its leader, matteo salvini, has promised the mass deportation of illegal migrants. earlier in the week, in rome, i asked him why he thought migrants were so dangerous. translation: too many illegal migrants are dangerous for italy and all of europe. think of the foreign fighters that return to italy from wars in islamic regions. they are a real danger. in a week's time, italy will decide whether or not it agrees with him or with those who believe that this country still has room for new arrivals. james reynolds, bbc news, rome. in egypt, archaeologists have revealed a recently—discovered tomb, which is thought to be more than 2,000 years old. it's 200 kilometres south of cairo and contains dozens of ancient burials. it's hoped that it'll boost tourism. bill hayton reports. eight metres below ground, buried treasure, centuries old. stone coffins, carved sarcophagi,
ancient statues and jewellery. this was a burial place for priests from a nearby city. it is only the beginning. i think we need at least five more missions to work. but we are going to add very soon a very new archaeological attraction in middle egypt. among the many finds were the remains of sacred animals, preserved as offerings to the afterlife. and about 1000 small statues, known as ushabti, intended to act as servants to be dead. —— for the dead. and one very special piece ofjewellery: an amulet with a message. translation: on the 31st of december, a colleague alerted me to a scarab which carried the words "happy new year"
in heiroglyphics. it felt like a message to us from the afterlife. a wonderful coincidence. the government hopes to discover is like this will provide tourism in egypt. visitor numbers are rising, but they are only half what they were before the arab spring, seven years ago. on its own, this tomb is unlikely to attract many foreigners. it's in middle egypt, a long way from both the pyramids and the ancient city of luxor, and tourism facilities are poorly developed. but it's a reminder the pharaohs left plenty of other splendours behind, and in places that easier to see. bill hayton, bbc news. a debut feature from romania has won the prestigious golden bear at the berlin film festival. touch me not tells the story of an english woman coming to terms with her sexuality. also celebrating was the american wes anderson, who was named best director. the bbc‘s tim allman has more. the golden bearfor best film goes to... touch me not, by adina pintilie.
you could tell from the look on their faces, they weren't expecting this. a small, low—budget film that has become a big success. open your eyes and just look at each other. touch me not is about intimacy and sex, shocking some viewers with its explicit scenes. some of the main protagonists were non—actors, including christian bayerlein, who is severely disabled. the film's director believes her work has met its moment. this comes in a very, very necessary, i think, moment, when the fear of the other is growing and there is this aggressivity all over the world. so i think it's very important that the amazing people that have been part of this project managed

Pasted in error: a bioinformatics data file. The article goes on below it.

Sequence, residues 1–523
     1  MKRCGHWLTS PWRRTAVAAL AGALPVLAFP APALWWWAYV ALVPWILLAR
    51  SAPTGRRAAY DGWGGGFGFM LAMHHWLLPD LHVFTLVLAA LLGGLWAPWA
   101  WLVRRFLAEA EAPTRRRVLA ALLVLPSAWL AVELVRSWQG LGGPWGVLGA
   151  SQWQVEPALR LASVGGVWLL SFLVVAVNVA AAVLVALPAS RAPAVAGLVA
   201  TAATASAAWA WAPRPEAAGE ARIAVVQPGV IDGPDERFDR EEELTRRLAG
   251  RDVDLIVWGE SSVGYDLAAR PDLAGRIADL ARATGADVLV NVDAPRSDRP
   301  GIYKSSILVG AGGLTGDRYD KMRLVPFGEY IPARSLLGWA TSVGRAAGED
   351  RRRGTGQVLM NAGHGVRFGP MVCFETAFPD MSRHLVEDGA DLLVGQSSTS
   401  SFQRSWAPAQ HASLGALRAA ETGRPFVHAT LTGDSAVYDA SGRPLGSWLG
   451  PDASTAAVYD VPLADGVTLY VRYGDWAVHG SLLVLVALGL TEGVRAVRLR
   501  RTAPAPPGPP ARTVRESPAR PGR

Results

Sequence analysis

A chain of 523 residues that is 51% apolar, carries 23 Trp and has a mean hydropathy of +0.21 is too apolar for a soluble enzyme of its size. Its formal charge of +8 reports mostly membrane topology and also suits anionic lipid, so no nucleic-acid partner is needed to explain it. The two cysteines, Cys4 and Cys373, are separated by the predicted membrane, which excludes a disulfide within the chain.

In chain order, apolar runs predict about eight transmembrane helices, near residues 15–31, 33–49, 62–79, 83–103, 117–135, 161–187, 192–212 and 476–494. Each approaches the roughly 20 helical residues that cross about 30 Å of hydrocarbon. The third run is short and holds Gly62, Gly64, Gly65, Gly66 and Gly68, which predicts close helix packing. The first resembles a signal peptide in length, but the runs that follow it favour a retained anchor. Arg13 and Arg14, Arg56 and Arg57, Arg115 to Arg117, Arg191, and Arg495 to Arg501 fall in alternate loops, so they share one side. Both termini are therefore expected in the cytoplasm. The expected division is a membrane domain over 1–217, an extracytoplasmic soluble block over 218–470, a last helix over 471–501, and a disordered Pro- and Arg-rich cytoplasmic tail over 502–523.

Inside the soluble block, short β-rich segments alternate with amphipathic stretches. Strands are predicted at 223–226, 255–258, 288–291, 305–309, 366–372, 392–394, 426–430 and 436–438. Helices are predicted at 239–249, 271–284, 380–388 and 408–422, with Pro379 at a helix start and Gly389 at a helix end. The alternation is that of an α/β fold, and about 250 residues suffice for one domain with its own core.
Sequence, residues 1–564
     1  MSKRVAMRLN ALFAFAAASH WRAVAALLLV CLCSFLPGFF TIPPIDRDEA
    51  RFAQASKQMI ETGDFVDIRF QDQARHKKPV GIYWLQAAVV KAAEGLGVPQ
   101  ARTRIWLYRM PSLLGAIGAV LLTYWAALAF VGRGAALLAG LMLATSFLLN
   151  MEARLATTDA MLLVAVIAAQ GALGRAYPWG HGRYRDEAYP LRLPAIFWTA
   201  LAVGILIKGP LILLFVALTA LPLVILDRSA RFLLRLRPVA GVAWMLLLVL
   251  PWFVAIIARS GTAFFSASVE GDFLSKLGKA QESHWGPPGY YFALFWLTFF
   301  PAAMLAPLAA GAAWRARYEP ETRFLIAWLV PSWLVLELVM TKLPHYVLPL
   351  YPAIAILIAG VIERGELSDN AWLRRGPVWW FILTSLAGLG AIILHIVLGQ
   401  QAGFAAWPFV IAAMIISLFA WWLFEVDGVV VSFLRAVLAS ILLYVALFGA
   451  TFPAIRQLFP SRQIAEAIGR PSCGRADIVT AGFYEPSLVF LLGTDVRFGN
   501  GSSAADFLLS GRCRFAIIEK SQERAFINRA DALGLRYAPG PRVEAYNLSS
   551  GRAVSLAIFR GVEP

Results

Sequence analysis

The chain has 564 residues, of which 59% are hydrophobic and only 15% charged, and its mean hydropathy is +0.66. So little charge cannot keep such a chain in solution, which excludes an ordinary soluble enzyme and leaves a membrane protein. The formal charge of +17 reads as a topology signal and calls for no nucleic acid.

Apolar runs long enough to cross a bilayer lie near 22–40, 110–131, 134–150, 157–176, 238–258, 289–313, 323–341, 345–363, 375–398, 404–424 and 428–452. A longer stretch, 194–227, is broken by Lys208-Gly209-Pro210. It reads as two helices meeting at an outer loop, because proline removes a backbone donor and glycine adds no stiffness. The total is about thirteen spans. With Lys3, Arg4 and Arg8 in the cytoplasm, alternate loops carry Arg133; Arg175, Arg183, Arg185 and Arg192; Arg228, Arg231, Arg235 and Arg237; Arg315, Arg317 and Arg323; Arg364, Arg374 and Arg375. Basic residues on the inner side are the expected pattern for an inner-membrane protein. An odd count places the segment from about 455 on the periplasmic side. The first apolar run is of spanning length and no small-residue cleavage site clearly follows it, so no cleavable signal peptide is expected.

to have this platform to express themselves. other winners include french actor anthony bajon, who was named best actor for his role in the prayer. he plays a drug addict who tries to kick his habit with the help of religion. get outta here and don't come back. best director was wes anderson for his animated film isle of dogs, although he had to send one of his voice actors to accept on his behalf. i never thought that i would go to work as a dog and come home with a bear. laughter. much to celebrate for many, but it was the romanian film about human relations that won the night. one of bollywood's greatest leading ladies has died from a heart attack at the age of 54. sridevi kapoor — known simply as sridevi — started as a child actor and featured in more than 275 multilingual indian films.
she was a rarity in bollywood filmmaking — capable of huge box office success without the support of a male hero. earlier, i spoke with bbc asian network presenters raj and pablo, who'd interviewed sridevi just about five months ago. they described what the legendary indian actress was like off screen. she was one of the most reserved, reticent bollywood stars. very shy. very private. she was very private, she was never kind of, you know, oh, i'm pushing myself, i'm like this. she was always very eloquent and very kind of grateful. very well read as well. people didn't see it but she was very kind of quiet, reserved and very intelligent.
one thing i will never forget, every time we met her, at the end of every interview, she would touch her heart and say thank you, i'm fine. the other thing which always surprised us, she always about our families. she always knew my nephew, my niece, your family as well. she remembered and this is a global superstar, we were humbled. i grew up partly in nigeria and in nigeria, bollywood is huge. i'm just looking at nigerian twitter and people are talking because she was such a huge star. sridevi started off at the age of four as a child artist, she made her debut at the age of 13 as a heroine. then she made her bollywood debut with a film that flopped and then she was written off.
she was one of the actresses who kind of could pave the way for people, bollywood accepted the fact that you didn't need to be with a big hero to make a big hit. if you think of the golden age of hollywood, you had marlene dietrich, greta garbo, you had people who could open box office. she was, by herself, a box office star in such a male dominated industry and society. yeah. she transcended. your heart goes out to him, what must the family be going through?